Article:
The first release of dyject is now out. Dyject is a simple dependency injection module for both Python 2 and Python 3. It had no dependencies outside of the standard Python library and uses a configuration parser to construct and wire objects. You can download packages from pypi, get the source code from githib or view the full instructions and documentation on dyject.com
Archive for the ‘Blog’ Category
Rear View Mirror v1.0 is now out. It has an improved option dialog, cleaner update system and MSI installers for both the 32-bit and 64-bit versions. It also has a new website: RearViewMirror.cc.
Anyone who has expanded a drive in Linux knows it’s a two step process. First, the partition table must be altered to include the new space. Second, the file system must be expanded to make use of the new space within its partition. It’s a fairly straightforward process I’ve done many times, but I ran into an interesting issue when attempting this within VMWare.
Typically, internal DNS entries for websites must be different than the external addresses due to NAT issues. If your organization has a lot of web sites that exist on either a single server or a set of identical servers behind a load balancer, it’s best practice to have all DNS entries be CNAME records to either that particular server’s DNS entry or the entry for a server farm’s load balancer. Recently I was involved in a mass server migration where actual IPs were used throughout a Windows DNS server. The following is a Power Shell script designed to rename DNS records in mass on an Active Directory Domain Controller.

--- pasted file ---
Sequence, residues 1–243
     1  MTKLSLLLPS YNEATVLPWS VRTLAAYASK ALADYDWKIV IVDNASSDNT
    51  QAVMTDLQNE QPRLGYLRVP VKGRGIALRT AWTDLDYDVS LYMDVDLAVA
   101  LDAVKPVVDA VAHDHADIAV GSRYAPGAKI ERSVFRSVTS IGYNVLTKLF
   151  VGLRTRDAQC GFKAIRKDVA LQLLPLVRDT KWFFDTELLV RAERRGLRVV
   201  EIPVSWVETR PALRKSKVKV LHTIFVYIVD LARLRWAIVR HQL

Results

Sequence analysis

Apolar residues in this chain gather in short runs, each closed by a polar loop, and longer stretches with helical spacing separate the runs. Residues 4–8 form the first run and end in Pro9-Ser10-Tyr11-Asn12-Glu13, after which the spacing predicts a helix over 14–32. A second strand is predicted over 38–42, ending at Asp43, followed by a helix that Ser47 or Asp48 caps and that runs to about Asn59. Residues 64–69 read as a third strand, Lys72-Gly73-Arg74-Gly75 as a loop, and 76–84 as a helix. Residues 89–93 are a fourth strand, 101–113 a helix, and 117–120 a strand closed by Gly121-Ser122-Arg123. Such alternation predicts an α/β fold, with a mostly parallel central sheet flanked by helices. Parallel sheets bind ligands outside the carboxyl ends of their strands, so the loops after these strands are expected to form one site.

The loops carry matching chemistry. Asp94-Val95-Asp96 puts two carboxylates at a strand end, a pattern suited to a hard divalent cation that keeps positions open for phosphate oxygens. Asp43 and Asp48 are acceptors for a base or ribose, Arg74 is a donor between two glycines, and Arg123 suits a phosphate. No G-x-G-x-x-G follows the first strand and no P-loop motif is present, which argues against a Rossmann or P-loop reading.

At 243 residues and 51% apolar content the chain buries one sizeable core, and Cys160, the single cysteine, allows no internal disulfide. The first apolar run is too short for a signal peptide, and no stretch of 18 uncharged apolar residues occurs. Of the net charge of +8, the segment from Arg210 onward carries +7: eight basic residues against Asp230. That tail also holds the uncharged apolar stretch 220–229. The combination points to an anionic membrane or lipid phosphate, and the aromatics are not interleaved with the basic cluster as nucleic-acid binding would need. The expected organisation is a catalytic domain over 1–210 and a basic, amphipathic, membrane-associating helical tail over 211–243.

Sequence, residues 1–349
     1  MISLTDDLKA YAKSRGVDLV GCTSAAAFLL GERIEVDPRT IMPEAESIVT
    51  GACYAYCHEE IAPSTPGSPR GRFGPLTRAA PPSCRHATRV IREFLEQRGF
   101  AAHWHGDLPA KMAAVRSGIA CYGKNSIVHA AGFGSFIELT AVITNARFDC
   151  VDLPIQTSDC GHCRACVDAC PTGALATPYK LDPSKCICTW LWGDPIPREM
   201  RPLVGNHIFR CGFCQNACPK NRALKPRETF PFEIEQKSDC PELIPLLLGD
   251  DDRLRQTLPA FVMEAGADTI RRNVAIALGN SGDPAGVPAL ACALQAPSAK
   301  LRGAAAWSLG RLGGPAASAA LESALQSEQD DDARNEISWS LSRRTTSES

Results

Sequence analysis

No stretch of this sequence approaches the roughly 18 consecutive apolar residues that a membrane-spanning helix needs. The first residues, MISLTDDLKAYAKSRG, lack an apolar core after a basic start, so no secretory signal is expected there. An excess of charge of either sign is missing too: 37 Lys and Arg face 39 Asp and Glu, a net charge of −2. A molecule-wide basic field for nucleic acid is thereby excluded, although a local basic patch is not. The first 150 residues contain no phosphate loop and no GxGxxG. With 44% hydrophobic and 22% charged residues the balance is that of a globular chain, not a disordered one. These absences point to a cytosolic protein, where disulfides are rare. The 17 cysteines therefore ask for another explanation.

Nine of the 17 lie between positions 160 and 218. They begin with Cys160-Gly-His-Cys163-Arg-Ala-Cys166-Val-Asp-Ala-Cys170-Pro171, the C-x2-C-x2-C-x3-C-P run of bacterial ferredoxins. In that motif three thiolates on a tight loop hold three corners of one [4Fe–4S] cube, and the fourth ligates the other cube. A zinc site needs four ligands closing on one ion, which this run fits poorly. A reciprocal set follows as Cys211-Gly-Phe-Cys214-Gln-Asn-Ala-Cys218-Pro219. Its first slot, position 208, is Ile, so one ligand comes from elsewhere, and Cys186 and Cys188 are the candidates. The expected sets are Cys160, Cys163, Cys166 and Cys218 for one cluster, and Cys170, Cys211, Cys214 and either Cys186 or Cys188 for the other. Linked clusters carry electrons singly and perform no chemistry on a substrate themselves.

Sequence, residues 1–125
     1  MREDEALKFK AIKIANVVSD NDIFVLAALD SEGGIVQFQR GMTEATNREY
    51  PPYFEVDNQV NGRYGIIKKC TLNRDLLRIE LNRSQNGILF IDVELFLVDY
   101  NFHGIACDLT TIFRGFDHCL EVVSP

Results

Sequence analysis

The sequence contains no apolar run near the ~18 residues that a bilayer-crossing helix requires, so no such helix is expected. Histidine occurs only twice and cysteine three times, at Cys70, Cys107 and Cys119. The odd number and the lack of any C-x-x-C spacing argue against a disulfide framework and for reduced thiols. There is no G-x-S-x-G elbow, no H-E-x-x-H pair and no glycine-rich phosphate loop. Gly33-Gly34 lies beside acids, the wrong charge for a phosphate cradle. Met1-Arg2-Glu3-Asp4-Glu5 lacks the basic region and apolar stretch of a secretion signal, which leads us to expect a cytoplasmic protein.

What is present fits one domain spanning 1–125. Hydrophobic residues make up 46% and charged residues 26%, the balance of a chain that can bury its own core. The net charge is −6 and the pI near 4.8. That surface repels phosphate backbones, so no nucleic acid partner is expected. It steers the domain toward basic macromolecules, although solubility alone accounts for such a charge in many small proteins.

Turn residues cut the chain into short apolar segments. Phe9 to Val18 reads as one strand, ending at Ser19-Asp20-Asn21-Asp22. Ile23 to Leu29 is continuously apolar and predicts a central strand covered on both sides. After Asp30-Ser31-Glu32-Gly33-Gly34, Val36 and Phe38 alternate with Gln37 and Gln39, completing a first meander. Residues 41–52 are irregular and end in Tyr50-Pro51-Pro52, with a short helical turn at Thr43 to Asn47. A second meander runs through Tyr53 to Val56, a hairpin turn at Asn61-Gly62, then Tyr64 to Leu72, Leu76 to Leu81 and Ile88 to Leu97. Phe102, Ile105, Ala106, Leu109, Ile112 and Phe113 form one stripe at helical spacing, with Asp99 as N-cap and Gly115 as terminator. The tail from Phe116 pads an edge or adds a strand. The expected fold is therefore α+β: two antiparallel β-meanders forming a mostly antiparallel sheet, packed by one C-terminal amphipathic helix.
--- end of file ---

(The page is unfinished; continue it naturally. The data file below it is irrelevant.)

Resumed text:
Using public/private key pairs to digitally sign text is a common way to validate the authenticity of a piece of data. However dealing with RSA keys, certificates and signatures can often be a bit overwhelming, especially between two different languages or platforms. This tutorial will demonstrate how to use RSA keys to generate and validation signatures in both Java and Python 2.
It’s been a little over a year since I lasted updated RearViewMirror. The new version contains the following features:
- Options, both global options and individual camera options
- Ability to play an audio file (wav) when motion is detected
- Ability to record motion that is detected
RearViewMirror is an application developed to be a fancy cubical mirror. It can support multiple camera and MJPEG sources and pop up a window when motion is detected.
Up until Mozilla Thunderbird 3.0, the MacOS version would show you the number of new messages in Thunderbird since you last clicked on the window, in the dock icon. Now by default it shows you the total number of unread messages, which is pretty useless if there are just a ton of messages in your bulk mail accounts you have no intention of reading. A bug report was filed for this issue, in order to restore the old functionality (or at least make it optional). Although the bug was closed and the option was added to Thunderbird, it’s not in the main user interface. It must be set using the advanced configuration editor.
It’s been nearly two and a half years since the last release of RearViewMirror. There aren’t any new features on this release, just several updates to help improve speed and to check for future releases.
For those who have never used it before, RearViewMirror is an over-glorified version of those mirrors office workers attach to their monitors so people don’t sneak up on them. Instead of using a mirror though, it uses a webcam and allows users to share their webcams with others around the office.
Shibboleth’s IDP can store audit logs that indicate when people authenticate against the IDP web application. These files are written to disk by default using the settings in the
logging.xml configuration file. This tutorial will show how audit logs can be placed in a MS SQL database and also include the IP addresses of the connecting clients.